(Alfred) Alistair, 1908–2004, English journalist and broadcaster.
Jay, 1821–1905, U.S. financier.
Terence (James), Cardinal, 1921–83, U.S. Roman Catholic clergyman: archbishop of New York 1968–83.
Sir Edward, 1552–1634, English jurist and writer on law.
Contemporary Examples

In the final moments, however, LeBron hits a game-winning three-pointer, and Cooke can only stare dumbfounded.
The LeBron James Who Wasn’t: The Story of Lenny Cooke Thomas Flynn December 4, 2013

However, Cooke can never really bring himself to see Joplin as ruined by the limelight.
Janis Joplin’s Kozmic Blues William O’Connor November 7, 2014

Now, Cooke is out with a memoir detailing his time with the rocker.
Janis Joplin’s Kozmic Blues William O’Connor November 7, 2014

Cooke describes Joplin as being “always on the prowl and vocal about it.”
Janis Joplin’s Kozmic Blues William O’Connor November 7, 2014

Cooke writes, “In our conversations among the band she has revealed in a matter-of-fact way that she has had affairs with women.”
Janis Joplin’s Kozmic Blues William O’Connor November 7, 2014

Historical Examples

For example, the case of Palmer, convicted for the poisoning of Cooke.
The Gaming Table: Its Votaries and Victims Andrew Steinmetz

Cooke, on the other hand, declared that his sole object was to make a fortune from the scheme.
Heroes of the Telegraph J. Munro

If the Cooke had been chartered, and sent out for our especial benefit, the capture could not have been more opportune.
Memoirs of Service Afloat, During the War Between the States Raphael Semmes

The year of the telegraph—1837—was an important one for Morse, as it was for Cooke and Wheatstone.
Heroes of the Telegraph J. Munro

I followed Cooke out through the sap and up the trench a little way to where it turned sharply to avoid a large boulder.
Trenching at Gallipoli John Gallishaw

Norman, real name Quentin Cooke, also known as Fatboy Slim. born 1963, British disc jockey, pop musician, and record producer; hit records include You’ve Come a Long Way, Baby (1998) and “Praise You” (2001)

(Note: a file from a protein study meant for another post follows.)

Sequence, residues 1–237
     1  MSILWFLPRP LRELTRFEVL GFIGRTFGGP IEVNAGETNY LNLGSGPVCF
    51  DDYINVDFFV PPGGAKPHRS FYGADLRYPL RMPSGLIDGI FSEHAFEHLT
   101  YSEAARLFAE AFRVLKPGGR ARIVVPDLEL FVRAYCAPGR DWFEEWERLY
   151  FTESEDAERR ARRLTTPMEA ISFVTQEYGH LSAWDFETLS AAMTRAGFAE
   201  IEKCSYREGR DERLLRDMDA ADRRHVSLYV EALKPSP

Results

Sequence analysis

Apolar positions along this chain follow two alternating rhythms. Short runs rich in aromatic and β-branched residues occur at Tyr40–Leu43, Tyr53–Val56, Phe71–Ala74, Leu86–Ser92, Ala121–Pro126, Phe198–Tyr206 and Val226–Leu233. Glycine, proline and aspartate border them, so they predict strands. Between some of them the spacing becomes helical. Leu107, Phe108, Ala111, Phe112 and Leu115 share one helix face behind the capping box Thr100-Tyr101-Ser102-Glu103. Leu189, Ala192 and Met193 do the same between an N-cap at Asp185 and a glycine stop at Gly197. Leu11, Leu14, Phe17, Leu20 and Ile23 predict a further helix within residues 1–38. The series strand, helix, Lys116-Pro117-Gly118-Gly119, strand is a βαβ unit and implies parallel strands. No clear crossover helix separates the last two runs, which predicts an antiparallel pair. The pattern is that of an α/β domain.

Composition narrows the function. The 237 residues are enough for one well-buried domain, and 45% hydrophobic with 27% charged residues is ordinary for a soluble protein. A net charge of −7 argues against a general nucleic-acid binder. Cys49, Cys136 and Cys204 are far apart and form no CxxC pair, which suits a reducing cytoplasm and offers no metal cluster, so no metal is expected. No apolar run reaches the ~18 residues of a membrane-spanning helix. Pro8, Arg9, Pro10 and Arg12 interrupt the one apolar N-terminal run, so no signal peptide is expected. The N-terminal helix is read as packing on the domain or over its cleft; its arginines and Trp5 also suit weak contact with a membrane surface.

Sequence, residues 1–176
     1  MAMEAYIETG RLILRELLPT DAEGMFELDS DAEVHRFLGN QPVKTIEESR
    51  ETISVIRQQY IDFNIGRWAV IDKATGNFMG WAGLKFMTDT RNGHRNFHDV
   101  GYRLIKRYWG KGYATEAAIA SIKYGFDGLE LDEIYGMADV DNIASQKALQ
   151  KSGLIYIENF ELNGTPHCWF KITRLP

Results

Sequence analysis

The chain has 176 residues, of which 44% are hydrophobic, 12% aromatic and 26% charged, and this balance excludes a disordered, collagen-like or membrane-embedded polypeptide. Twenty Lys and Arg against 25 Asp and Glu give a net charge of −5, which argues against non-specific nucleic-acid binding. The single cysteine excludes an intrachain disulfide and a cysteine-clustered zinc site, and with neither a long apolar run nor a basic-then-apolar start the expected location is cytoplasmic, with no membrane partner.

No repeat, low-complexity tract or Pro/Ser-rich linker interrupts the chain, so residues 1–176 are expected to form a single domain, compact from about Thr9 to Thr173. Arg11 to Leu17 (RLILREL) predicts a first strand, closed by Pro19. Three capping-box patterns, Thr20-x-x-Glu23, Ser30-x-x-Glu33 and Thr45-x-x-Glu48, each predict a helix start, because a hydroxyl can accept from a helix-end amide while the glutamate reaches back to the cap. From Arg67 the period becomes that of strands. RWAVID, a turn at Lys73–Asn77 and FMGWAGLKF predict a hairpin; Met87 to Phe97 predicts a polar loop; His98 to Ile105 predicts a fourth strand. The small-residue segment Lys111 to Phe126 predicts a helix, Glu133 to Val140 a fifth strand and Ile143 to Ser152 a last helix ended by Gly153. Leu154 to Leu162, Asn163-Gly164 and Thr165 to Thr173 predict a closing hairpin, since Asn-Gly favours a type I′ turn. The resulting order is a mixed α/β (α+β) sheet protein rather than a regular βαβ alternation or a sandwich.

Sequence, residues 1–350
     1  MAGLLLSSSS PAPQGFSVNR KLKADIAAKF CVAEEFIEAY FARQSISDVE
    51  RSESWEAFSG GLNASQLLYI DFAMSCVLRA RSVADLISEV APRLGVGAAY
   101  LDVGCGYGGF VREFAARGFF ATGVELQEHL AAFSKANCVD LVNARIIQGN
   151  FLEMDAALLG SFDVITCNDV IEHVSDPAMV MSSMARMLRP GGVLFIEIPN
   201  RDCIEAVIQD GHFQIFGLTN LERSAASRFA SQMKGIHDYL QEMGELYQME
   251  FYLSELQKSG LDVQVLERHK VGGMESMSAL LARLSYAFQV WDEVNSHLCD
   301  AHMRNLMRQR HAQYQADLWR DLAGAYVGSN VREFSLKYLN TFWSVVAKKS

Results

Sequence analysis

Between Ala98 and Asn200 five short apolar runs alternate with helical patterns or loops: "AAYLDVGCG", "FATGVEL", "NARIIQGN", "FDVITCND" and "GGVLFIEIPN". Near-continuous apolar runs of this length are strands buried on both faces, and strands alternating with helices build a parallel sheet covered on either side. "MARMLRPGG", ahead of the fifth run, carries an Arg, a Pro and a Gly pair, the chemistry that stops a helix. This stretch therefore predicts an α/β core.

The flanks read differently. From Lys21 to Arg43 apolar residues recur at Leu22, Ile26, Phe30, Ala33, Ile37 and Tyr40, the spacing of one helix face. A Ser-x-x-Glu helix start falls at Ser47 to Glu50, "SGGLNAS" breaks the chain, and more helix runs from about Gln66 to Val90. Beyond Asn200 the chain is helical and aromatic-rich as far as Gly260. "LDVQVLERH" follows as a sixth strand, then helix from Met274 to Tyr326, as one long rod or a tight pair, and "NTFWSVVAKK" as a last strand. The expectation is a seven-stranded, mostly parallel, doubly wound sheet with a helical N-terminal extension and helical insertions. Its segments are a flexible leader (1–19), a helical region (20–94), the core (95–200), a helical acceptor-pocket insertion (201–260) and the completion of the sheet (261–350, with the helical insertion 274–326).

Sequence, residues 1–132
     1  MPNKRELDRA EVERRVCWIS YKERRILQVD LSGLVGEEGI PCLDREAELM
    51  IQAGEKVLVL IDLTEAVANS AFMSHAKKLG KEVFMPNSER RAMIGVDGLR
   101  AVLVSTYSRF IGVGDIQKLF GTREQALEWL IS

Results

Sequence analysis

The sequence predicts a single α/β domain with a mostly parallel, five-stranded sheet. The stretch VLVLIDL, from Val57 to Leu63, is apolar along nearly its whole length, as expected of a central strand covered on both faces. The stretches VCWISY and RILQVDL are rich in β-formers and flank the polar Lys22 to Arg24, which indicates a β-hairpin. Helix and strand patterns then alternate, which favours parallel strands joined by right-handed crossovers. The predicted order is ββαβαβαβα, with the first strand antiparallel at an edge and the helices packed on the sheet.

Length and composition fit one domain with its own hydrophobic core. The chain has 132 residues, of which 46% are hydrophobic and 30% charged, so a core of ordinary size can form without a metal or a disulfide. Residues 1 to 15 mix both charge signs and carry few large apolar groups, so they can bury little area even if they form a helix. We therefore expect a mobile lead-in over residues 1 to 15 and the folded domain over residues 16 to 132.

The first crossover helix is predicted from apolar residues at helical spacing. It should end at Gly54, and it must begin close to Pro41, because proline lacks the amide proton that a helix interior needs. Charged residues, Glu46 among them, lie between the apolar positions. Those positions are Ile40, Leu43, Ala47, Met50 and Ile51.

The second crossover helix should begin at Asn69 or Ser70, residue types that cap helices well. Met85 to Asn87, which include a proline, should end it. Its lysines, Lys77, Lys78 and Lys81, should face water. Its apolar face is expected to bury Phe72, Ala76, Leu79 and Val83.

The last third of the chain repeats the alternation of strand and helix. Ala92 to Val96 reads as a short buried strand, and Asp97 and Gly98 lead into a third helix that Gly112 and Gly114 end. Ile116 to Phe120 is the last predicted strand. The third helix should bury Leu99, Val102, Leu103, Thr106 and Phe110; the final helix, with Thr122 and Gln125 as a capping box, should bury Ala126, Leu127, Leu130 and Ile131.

a solid-fuel product containing about 80 per cent of carbon produced by distillation of coal to drive off its volatile constituents: used as a fuel and in metallurgy as a reducing agent for converting metal oxides into metals
any similar material, such as the layer formed in the cylinders of a car engine by incomplete combustion of the fuel
to become or convert into coke
(slang) short for cocaine
trademark short for Coca-Cola
Sir Edward. 1552–1634, English jurist, noted for his defence of the common law against encroachment from the Crown: the Petition of Right (1628) was largely his work
(kʊk). Thomas William, 1st Earl of Leicester, known as Coke of Holkham. 1752–1842, English agriculturist: pioneered agricultural improvement and considerably improved productivity at his Holkham estate in Norfolk

See Coca-Cola

“residue of fuel,” 1690s, northern English dialect, perhaps a variant of Middle English colke “core, charcoal” (c.1400), itself possibly related to -colc, an Old English word for “pit,” which perhaps would give it a sense of “what is left in the pit after a fire.”

shortened form of cocaine, 1908, American English.

soft drink, 1909, shortening of brand name Coca-Cola.

coke (kōk)


: coke peddlers/ coke sniffer


Cocaine (1908+)


Coca-Cola, trademark name of a soft drink (1909+)

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  • Fadeyev

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